In this match-up, buñuelos, what Spaniards call doughnuts or fritters, provide Catalan-inspired flan with a crunchy, sweet sidekick. Andy Nusser, chef and co-owner of Casa Mono, New York City, has chosen to form his buñuelos around fresh bay leaves, which turn crackly when fried—an ingenious touch.
The crunchy sweetness of the bunuelos pair well with the delicate flavor and the unctuous mouthfeel of a Moscatel-based sweet wine from southern Spain; recommended wines include Jorge Ordoñez & Co. Old Vines and Vinos de Telmo Rodríguez Molino Real Mountain Wine.
- For the custard
- 1 quart (4 cups) heavy cream
- 1 cinnamon stick
- 1 vanilla bean
- 1 cup sugar, plus additional for sprinkling
- 8 egg yolks
- 4 sheets gelatin
- For the batter
- 6 cups flour
- 1 cup sugar
- 4 cups milk
- 3 egg whites, whipped to soft peaks
- For the fritters
- 2 quarts extra virgin olive oil
- 4 dozen fresh bay leaves
- 2 cups sugar, for dusting
To make the custard: Preheat the oven to 325 degrees F. Place 8 individual dessert-sized cazuelas or ovenproof ramekins in a cake pan large enough to hold them without touching.
In a saucepan, heat the cream with the cinnamon stick and vanilla bean over medium heat until it is almost at a boil. Meanwhile, in a large bowl, whisk the egg yolks and sugar until smooth.
When the cream is almost at the boiling point, add the gelatin, a sheet at a time, directly to the cream, stirring constantly. Pour half the hot cream into the large bowl with the egg yolk and sugar mixture, whisking together. Pour the yolk-cream mixture back into the saucepan of remaining heated cream and “cook” while stirring with a wooden spoon. At this point you should be achieving a nap, where the back of the spoon is coated with the custard. Do not overcook; turn the heat off if necessary. (At this stage you are only melding the cream, egg yolks, sugar, and gelatin together.)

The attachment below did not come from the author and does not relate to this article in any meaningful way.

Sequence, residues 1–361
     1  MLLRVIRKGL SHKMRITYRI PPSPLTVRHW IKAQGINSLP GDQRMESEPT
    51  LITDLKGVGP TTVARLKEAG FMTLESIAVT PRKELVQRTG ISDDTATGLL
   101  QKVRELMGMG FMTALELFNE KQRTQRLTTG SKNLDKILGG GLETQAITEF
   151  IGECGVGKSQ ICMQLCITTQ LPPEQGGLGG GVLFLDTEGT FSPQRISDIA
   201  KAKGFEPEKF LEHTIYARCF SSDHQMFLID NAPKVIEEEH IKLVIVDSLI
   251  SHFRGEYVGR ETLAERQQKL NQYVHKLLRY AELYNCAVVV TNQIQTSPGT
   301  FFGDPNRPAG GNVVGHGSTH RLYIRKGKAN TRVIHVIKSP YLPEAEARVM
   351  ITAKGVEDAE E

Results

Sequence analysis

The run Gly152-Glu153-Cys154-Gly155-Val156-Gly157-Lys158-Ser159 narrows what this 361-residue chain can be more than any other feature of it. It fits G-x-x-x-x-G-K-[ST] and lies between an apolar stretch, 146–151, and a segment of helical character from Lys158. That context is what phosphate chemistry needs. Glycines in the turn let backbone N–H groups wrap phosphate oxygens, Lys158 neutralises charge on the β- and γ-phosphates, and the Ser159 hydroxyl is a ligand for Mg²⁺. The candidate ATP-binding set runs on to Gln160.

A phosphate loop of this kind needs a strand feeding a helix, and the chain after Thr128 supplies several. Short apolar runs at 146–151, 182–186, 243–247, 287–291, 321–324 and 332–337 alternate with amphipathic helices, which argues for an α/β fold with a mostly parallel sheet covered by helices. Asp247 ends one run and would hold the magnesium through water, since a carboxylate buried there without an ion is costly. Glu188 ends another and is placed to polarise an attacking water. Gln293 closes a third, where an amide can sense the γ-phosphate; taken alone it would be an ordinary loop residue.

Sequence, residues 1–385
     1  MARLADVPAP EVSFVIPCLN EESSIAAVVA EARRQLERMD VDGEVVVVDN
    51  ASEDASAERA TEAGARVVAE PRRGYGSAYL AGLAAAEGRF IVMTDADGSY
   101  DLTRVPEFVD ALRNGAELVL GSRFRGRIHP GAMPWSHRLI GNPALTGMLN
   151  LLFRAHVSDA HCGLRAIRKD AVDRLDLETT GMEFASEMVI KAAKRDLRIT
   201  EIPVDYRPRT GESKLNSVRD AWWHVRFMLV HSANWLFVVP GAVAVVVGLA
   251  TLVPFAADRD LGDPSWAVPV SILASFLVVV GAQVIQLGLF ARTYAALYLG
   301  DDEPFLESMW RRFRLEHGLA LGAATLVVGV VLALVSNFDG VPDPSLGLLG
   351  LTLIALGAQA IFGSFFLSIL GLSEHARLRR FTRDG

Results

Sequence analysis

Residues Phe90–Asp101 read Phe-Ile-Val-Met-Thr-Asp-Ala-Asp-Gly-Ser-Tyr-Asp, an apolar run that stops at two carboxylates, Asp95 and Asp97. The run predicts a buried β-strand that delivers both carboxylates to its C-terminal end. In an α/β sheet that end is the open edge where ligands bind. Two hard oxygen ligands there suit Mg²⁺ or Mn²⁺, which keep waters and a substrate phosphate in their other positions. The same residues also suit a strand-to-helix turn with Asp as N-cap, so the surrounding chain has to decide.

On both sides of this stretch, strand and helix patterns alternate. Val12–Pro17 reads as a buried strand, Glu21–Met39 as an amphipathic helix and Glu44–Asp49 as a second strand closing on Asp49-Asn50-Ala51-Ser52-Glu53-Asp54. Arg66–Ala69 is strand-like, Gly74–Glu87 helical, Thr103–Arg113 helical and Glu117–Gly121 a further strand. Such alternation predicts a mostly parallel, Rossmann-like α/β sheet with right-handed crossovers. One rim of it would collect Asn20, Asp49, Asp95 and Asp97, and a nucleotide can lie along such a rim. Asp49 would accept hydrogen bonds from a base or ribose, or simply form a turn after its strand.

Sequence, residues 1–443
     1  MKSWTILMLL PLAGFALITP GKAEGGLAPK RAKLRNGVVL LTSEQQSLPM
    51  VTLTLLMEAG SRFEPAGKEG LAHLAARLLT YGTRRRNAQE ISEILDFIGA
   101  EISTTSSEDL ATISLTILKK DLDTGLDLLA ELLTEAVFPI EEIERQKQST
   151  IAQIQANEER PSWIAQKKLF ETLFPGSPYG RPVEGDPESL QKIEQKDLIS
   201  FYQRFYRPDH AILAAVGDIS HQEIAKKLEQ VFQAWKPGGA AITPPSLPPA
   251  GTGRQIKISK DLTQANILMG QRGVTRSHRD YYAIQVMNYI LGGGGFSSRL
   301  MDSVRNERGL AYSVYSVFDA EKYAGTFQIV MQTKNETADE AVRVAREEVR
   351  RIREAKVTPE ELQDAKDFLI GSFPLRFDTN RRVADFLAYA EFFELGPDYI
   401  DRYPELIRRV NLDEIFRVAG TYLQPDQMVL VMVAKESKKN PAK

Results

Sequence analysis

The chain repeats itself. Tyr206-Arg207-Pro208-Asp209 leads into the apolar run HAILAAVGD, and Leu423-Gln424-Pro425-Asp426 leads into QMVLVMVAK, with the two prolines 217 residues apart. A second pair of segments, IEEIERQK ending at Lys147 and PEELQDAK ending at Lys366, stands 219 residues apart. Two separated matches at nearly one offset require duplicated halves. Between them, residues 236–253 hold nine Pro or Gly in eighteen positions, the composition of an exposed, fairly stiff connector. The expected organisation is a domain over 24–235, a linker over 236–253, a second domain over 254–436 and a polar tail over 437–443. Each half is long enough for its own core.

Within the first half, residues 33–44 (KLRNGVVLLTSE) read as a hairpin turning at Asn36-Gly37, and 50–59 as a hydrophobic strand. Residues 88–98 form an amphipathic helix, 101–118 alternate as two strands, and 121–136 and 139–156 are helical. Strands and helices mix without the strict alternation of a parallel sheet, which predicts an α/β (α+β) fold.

Strain the mixture through a chinois (a fine-mesh strainer), pressing the vanilla bean against the strainer for full flavor. Pour the mixture into a pitcher, then fill each baking dish three-quarters full. Carefully add cold water to the cake pan to come halfway up the sides of the baking dishes, then cover the cake pan with foil. Bake for 35 minutes. Remove the foil to check for a skin layer on the custards, which indicates that the custard has set. Remove the baking dishes to a rack and let cool. When cool, dust with sugar and using a household blowtorch caramelize the sugar.
To make the batter for the fritters: In a large bowl, stir together the flour and sugar. Whisk in the milk until combined. Fold in egg whites.
To make the fritters: In a large, deep-sided pot, heat the olive oil to 360 degrees F on a deep-fat thermometer. Dip the bay leaves in the batter and coat liberally. Delicately place the battered leaves in the hot oil and fry until golden all over. With a slotted spoon, transfer the fritters to paper towels to drain and cool. When cool, dust with sugar. Serve 6 buñeulos with each custard.